Freshmen, honors students share co-ed residence hall
By Barbara Holloway
The Herald Staff
Delta Hall was built in 1958. Eisenhower was president, the Berlin wall did not exist and the parents of most freshmen where still in diapers.
While all those things have changed, Delta Hall remained largely a male-only residence hall until last year.
Women on campus are now allowed to live along with their male counterparts in the same building.
Arkansas State University has initiated a First Year Experience (FYE) in Delta Hall and added honors halls.
The FYE in Delta Hall is a program to help first year students to adjust to university life and provide assistance for problems students might face. A letter to students from the Department of Residence Life in spring 1999, said, “participation in the program is on a volunteer basis and a genuine interest in the program should be the result.”
The program was designed to create an environment of support, critical thinking, leadership and college success.
With an increase in enrollment within the last three to four years, Lee Trueblood, resident program coordinator of student housing, said the increasing numbers of female students have caused a demand for on-campus housing and more women students prefer to live on campus.
Delta Hall has created more space for the overflow of women and converted two wings into honors wings.
Females will be assigned to the second floor and male residents will be on the first floor.
Honors hall students must maintain a B average. The students take the same classes, attend seminars together and share similar interests.
The Department of Residence Life said in the letter to the students that housing honor students together will give them more opportunities to develop their skills and grow together.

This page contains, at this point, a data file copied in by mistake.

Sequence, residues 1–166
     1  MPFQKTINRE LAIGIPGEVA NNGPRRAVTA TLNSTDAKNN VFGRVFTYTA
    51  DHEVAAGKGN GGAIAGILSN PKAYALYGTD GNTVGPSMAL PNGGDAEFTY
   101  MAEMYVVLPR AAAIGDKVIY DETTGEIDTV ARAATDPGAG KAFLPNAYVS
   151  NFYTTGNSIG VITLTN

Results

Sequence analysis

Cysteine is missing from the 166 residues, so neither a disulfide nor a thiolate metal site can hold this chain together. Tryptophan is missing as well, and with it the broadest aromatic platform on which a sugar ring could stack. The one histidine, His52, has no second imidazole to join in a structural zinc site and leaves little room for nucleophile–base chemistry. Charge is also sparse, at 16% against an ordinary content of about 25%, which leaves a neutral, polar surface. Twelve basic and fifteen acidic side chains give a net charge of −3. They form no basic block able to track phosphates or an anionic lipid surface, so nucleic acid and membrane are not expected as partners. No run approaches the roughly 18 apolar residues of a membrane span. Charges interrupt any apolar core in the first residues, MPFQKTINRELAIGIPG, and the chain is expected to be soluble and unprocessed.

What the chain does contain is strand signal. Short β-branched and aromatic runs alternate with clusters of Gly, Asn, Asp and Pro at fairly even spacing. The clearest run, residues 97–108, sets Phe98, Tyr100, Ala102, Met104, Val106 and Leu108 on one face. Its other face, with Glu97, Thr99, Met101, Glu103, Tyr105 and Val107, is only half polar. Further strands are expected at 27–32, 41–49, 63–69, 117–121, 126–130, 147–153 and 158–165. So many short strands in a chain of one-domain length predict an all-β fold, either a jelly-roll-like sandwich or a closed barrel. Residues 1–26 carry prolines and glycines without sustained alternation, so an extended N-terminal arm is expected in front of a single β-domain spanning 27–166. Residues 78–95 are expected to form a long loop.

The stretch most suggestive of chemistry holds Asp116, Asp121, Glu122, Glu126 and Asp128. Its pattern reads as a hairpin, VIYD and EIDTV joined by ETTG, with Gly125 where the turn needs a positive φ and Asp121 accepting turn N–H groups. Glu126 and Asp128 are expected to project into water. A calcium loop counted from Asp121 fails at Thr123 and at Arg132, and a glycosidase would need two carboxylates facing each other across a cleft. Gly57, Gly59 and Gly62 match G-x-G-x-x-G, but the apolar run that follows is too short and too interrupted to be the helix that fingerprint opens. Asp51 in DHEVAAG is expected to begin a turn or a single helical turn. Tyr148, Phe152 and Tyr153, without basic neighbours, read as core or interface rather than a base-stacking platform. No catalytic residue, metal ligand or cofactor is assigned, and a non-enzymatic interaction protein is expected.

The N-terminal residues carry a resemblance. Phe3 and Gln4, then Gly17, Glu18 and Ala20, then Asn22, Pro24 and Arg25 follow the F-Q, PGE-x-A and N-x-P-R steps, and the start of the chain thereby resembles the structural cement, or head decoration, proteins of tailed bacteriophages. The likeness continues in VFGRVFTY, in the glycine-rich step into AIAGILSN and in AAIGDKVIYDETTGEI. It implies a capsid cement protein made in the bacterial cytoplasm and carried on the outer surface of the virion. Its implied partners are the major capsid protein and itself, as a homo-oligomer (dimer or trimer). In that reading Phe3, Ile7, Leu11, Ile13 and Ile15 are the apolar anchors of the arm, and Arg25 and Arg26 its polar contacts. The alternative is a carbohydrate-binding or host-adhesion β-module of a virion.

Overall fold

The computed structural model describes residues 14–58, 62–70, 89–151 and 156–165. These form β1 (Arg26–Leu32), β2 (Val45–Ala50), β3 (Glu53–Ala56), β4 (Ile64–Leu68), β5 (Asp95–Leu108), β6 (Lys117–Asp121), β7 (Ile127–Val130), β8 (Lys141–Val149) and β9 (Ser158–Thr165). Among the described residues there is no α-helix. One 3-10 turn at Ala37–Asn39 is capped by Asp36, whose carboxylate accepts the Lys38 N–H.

Jennifer Clark, a freshman marketing major of Redfield, said, “I like the people I am rooming with and feel the students in the honors program are a little more serious about college than the rest of the student population.”
Kortney Penny, a junior radio-television major of Hot Springs, and resident assistant at Delta Hall, said, “Females have a key to the floor and no one can just come in.”
She also said the female students liked it and were adjusting well.
“The benefit of living at Delta Hall is everyone feels like they are a part of a community because we share one bathroom on our wing and provide a support system for each other,” Penny said.
Besides the changes in living arrangements, Delta Hall has undergone some cosmetic changes also.
New carpet and paint give the halls a cleaner look, and new safety precautions have been implemented to make the residence hall safe for all residents.
Penny said, “I look forward to the improvements to Delta Hall and hope the university will keep up the remodeling so students can live in a safe building that is in good condition.”
Trueblood said, “Safety is the first priority and all doors leading to the floors are locked from the inside with safety bars.”
Chris Cockrell, a sophomore electrical engineering major of Morrilton and resident assistant, said, “We hope they do more improvements because other sections of the halls need attention.”
The other wings of Delta are in need of repair with ceiling stains visible, yellowed walls and worn carpeting throughout in the male wings.
The money to pay for improvements is based on the fiscal budget from the following year.
Craig Johnson, assistant dean of student affairs, said, “Repair, replacement and renovation money come from profits generated from student rent.”
John Sagaser, associate director of housing, said, “Of the $3.5 million in 98-99, $95,000 went towards capital improvements.
“Other budget surplus money generated is used for other university improvements and reserve profits keep rent from going up,” Johnson said.
Chris Todd, a freshmen business administration major of Little Rock said, “Being coeducational is an interesting learning opportunity for everyone.”
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